David Groarke is a Senior Analyst at GTM Research. You can follow him on Twitter @groarke. You can also learn more about his (and his colleagues') smart grid market research at www.gtmresearch.com.

At Tuesday’s State of the Union Address, President Obama devoted much time in his address to clean technology, infrastructure upgrades and initiatives to tackle climate change. Of course, this is all great news for smart grid and related technologies, however, what surprised many was Obama’s reference to “self-healing power grids” – a term not widely used outside the power industry.

“Ask any CEO where they’d rather locate and hire: a country with deteriorating roads and bridges, or one with high-speed rail and internet; high-tech schools, self-healing power grids, said Obama. "The CEO of Siemens America -- a company that brought hundreds of new jobs to North Carolina -- said that if we upgrade our infrastructure, they’ll bring even more jobs. And that’s the attitude of a lot of companies all around the world.  And I know you want these job-creating projects in your district. I’ve seen all those ribbon-cuttings.”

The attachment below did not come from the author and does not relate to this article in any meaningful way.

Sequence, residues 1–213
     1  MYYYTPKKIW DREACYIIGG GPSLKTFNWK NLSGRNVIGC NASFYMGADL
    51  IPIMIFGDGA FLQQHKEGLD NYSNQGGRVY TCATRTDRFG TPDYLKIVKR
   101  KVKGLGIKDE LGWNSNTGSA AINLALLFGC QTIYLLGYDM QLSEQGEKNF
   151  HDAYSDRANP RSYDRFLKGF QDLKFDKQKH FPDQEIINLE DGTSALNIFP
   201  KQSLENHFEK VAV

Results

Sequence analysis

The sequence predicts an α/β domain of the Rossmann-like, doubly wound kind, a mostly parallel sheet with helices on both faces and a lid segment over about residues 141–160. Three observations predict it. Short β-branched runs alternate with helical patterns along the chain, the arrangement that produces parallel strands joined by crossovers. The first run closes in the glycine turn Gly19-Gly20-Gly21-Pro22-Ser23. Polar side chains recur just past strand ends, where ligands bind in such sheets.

The term "self-healing grid" refers to the ability for the grid to anticipate, respond and to isolate damage that could speed recovery during the time of natural disasters and severe weather. The moment he mentioned self-healing grids, we at GTM Research took to Twitter to gauge public reaction.

What we found were literally hundreds of tweets that ran the gamut of confusion, negative reactions and some support. What this small exercise pointed to overwhelmingly, however, was a broader customer engagement issue. It’s great news that Obama is willing talk about smart grid during an event like the State of the Union and, specifically, to mention solutions such as self-healing power grids. However, at the same time, we need to balance this with proactive customer engagement. As the smart grid becomes more mainstream and impacts customer choices, the ways that customers consume energy and engage with their providers are going to be become a pressing area to address.

Tweets ranged from those having little to no understanding (understandably)...

…to some negative reaction...

…to the completely irreverent.

Encouragingly, however, there were positive comments peppered throughout the real-time reactions, as well.